Dilemma Of Getting Vaccinated
IF a country of 1.37 billion has to depend on its Prime Minister’s promptness to have himself jabbed first to motivate over a million of its citizens to register for the immunisation shots, it says a lot for the uncertainty that hovers over what is seemingly one of the largest vaccination drives in the history of modern India. While the nation is ready for phase-2 of the COVID jab, the reluctance shown by many to keep away from getting inoculated against the disease is a marked global phenomenon. No other immunisation drive in recent global history would have invited so much of skepticism as have the vaccines against COVID which continue to receive contrasting reports about their effectiveness. When it is stated that the COVID-19 pandemic has completed its global ‘anniversary’, it simply implies that the potent virus is marching on towards an inglorious perpetuity. For, pitted against an unknown entity which has humbled the mightiest of superpowers to leave a massive trail of destruction along the way, mankind’s helplessness in the face of such adversity could not have been more profound! Yet it is the general ‘dilemma’ over getting vaccinated against the harmful effects of the virus that has left the nation in a fix. It is as if the nation is gripped by apprehensions over the after-effects of the vaccination. As much as the dread of the virus, the fear of the COVID vaccines has also had an overwhelming effect on the populace.
PACHU MENON, MARGAO
Vaccine Is A Hobson’s Choice
TO get vaccinated or not to get vaccinated is the question uppermost in the minds of most people these days, especially senior citizens who face more health complications than the younger generation. Secondly, getting oneself vaccinated does not necessarily ensure immunity from contracting the virus in future and transmitting the same to others, even after the second dose. This is one more reason which has dissuaded many from getting vaccinated early. Lakhs of people across the country have been vaccinated so far. How is it that there is no herd immunity yet, and we are witnessing a steep rise instead in the numbers of daily COVID positive cases in several states, giving rise to the fear of an imminent second COVID wave. The rising COVID curve is an ominous indication of things to come. It appears therefore that our scientists have not done their homework well to give us a vaccine that is safe and effective and which immunises people for long without the help of masks and social distancing norms. And for regular air flyers, it is a virtual Hobson’s choice to qualify for an air ticket. Take it or be left behind.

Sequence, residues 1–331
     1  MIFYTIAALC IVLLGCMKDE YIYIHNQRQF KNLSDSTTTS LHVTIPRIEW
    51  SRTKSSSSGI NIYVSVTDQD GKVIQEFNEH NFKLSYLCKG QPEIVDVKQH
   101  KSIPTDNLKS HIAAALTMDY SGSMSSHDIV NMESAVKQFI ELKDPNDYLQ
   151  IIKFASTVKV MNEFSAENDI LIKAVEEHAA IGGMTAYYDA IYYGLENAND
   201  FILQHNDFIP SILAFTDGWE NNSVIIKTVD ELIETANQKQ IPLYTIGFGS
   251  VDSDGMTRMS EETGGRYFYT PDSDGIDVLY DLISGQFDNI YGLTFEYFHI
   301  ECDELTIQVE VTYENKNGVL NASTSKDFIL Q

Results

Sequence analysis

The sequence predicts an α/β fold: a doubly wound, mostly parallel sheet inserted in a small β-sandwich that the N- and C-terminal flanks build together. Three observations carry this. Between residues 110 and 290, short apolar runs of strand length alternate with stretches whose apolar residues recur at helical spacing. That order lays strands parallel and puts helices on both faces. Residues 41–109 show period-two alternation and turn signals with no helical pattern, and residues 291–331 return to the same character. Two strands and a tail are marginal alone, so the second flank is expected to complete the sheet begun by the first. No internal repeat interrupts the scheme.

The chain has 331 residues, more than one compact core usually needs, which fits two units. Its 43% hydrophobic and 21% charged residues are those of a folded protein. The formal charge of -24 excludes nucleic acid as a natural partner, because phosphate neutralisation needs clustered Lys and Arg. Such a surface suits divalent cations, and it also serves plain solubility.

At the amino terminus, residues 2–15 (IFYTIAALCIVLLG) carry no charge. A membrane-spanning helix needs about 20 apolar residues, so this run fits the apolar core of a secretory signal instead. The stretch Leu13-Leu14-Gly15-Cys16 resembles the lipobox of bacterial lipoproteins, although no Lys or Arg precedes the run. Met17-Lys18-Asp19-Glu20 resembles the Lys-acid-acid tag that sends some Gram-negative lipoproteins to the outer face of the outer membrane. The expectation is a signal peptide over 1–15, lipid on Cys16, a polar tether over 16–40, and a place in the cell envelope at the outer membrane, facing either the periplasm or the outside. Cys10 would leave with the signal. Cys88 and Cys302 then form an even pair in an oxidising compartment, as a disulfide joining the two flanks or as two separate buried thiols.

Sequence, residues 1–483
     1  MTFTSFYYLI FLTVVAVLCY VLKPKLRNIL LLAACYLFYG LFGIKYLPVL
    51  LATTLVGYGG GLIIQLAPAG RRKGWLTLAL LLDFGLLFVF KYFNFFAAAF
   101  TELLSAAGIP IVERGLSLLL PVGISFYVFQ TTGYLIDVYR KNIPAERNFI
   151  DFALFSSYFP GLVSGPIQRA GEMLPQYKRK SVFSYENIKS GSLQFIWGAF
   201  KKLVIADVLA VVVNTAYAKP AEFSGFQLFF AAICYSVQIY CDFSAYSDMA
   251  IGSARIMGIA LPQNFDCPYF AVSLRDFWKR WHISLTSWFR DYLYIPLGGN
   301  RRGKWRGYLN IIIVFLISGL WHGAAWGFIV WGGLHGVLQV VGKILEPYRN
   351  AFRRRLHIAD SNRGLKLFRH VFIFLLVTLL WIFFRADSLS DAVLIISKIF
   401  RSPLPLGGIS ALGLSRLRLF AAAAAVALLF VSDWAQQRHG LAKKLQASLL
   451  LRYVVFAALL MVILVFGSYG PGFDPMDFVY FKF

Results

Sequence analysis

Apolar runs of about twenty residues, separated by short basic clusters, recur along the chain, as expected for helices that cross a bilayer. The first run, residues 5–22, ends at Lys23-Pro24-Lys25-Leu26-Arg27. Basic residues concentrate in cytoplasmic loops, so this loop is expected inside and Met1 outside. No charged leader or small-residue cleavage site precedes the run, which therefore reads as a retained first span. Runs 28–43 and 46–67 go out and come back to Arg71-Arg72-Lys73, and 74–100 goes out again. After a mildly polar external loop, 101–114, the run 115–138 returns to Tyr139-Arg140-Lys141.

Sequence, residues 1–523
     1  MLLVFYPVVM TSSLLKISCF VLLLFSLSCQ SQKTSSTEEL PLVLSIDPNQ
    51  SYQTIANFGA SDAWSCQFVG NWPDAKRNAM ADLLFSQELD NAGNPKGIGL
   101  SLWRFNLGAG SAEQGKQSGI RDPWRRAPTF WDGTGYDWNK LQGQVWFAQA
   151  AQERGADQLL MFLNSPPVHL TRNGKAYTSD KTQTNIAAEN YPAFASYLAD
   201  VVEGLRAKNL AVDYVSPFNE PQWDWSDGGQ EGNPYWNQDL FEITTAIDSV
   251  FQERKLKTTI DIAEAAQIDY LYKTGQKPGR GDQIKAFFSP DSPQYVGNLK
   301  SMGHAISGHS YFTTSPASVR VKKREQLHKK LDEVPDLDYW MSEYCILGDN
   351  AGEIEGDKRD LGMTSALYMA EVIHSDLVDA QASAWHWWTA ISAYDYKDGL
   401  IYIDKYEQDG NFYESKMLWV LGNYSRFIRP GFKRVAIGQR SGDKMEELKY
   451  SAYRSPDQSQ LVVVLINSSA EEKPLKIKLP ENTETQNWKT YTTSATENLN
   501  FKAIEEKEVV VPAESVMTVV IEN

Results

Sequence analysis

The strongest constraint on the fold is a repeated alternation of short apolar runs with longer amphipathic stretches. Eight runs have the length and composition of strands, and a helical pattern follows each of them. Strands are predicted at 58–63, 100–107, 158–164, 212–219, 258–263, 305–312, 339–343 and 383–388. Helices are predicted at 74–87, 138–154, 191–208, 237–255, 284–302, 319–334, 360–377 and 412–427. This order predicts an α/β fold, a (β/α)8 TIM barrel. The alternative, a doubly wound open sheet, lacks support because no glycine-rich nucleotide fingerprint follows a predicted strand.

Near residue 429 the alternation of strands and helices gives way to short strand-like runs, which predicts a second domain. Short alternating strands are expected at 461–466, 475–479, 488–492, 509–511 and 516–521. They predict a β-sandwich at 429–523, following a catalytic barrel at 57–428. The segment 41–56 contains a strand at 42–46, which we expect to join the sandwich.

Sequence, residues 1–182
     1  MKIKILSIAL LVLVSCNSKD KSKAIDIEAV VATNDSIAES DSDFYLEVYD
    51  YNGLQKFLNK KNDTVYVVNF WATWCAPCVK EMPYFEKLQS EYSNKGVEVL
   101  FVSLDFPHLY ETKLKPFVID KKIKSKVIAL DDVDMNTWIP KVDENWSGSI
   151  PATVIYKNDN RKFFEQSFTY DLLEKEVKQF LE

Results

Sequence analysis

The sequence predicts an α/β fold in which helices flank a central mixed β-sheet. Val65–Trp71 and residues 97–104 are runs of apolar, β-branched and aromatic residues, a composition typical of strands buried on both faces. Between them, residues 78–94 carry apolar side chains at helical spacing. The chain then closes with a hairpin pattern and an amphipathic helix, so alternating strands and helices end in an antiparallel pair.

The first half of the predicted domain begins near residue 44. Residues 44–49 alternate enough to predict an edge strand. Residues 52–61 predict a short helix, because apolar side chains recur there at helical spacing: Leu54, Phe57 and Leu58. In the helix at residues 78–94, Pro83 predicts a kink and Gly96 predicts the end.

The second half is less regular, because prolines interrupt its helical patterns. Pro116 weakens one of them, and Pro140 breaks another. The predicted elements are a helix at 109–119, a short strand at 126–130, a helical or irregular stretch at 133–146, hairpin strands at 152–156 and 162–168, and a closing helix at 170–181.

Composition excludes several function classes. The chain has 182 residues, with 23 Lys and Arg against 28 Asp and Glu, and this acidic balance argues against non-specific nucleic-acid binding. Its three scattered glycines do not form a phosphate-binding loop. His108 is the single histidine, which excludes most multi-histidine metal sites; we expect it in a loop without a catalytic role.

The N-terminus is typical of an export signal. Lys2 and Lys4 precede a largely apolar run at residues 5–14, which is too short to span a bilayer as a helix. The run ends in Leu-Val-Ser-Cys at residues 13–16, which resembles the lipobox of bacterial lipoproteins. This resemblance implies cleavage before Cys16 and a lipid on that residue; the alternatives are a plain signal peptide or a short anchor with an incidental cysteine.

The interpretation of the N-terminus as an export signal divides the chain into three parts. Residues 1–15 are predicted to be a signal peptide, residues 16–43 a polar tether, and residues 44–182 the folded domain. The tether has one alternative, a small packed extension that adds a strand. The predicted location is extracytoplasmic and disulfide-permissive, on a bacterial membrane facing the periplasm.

A F NAZARETH, ALTO PORVORIM
Congress Must Get Its Act Together
IT has been said the BJP is afraid of losing a state and the Congress is shy of winning one. It does not matter for the BJP how big or small the state is; it wants to form a government in every state irrespective of its size. Though it had a minuscule presence in Puducherry, the astute power game of the BJP ensured its indirect control over the Union territory through President’s rule. In a tiny assembly like Puducherry, the dice started rolling after Kiran Bedi, a BJP nominee, was removed as governor; it was quite clear that the UT was heading for a big spectacle before the assembly elections. However, the intent of the BJP separates it from the Congress. The BJP desires to ‘remote control’ the UT and pull all strings to form a government there. The Puducherry development also denotes how the BJP has managed to go from strength to strength after that huge 2014 win while the Congress continues to find itself in the doldrums. Assam, Tamil Nadu and Kerala, along with West Bengal and Puducherry, are going to polls shortly, and the party has a stake in each state. What about the Congress? The grand old party’s grip over states is loosening by the passing day. Very importantly, the intention to go all the way, and the determination to win, appear missing. That the Congress is enjoying power in only three states is an unmistakable sign of decay and degeneration in the party. Of the three, the wind may change direction in Rajasthan and Chhattisgarh anytime. So, what is the party left with? When a party is reluctant to learn even after repeated drubbings, nothing can infuse hope among the people in the party’s future. Despite top leaders sighing “enough is enough” nothing has been done to revive the party. The indecisiveness Rahul Gandhi assuming the party presidentship should end. Either he should or he shouldn’t – no middle path. Even at the cost of some leaders dumping the party, the answer must be known very soon.
GANAPATHI BHAT, AKOLA